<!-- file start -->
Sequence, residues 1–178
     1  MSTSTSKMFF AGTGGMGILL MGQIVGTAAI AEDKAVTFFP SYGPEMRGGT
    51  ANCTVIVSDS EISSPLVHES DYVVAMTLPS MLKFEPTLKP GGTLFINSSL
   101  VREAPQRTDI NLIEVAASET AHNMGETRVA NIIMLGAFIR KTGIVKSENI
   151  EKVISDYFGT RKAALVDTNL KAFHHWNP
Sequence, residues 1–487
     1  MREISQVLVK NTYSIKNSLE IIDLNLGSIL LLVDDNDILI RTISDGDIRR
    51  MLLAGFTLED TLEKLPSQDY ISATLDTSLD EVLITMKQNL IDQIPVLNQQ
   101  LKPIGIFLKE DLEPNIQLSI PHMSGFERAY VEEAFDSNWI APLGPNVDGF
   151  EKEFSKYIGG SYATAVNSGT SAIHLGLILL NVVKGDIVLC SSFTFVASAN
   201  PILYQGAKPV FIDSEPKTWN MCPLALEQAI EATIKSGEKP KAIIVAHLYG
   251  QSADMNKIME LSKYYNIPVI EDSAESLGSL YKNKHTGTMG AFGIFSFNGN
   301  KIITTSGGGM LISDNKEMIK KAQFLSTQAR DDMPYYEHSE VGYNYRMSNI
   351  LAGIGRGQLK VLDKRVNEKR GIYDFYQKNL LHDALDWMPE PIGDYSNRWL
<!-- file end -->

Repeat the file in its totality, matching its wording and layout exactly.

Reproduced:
Sequence, residues 1–178
     1  MSTSTSKMFF AGTGGMGILL MGQIVGTAAI AEDKAVTFFP SYGPEMRGGT
    51  ANCTVIVSDS EISSPLVHES DYVVAMTLPS MLKFEPTLKP GGTLFINSSL
   101  VREAPQRTDI NLIEVAASET AHNMGETRVA NIIMLGAFIR KTGIVKSENI
   151  EKVISDYFGT RKAALVDTNL KAFHHWNP
Sequence, residues 1–487
     1  MREISQVLVK NTYSIKNSLE IIDLNLGSIL LLVDDNDILI RTISDGDIRR
    51  MLLAGFTLED TLEKLPSQDY ISATLDTSLD EVLITMKQNL IDQIPVLNQQ
   101  LKPIGIFLKE DLEPNIQLSI PHMSGFERAY VEEAFDSNWI APLGPNVDGF
   151  EKEFSKYIGG SYATAVNSGT SAIHLGLILL NVVKGDIVLC SSFTFVASAN
   201  PILYQGAKPV FIDSEPKTWN MCPLALEQAI EATIKSGEKP KAIIVAHLYG
   251  QSADMNKIME LSKYYNIPVI EDSAESLGSL YKNKHTGTMG AFGIFSFNGN
   301  KIITTSGGGM LISDNKEMIK KAQFLSTQAR DDMPYYEHSE VGYNYRMSNI
   351  LAGIGRGQLK VLDKRVNEKR GIYDFYQKNL LHDALDWMPE PIGDYSNRWL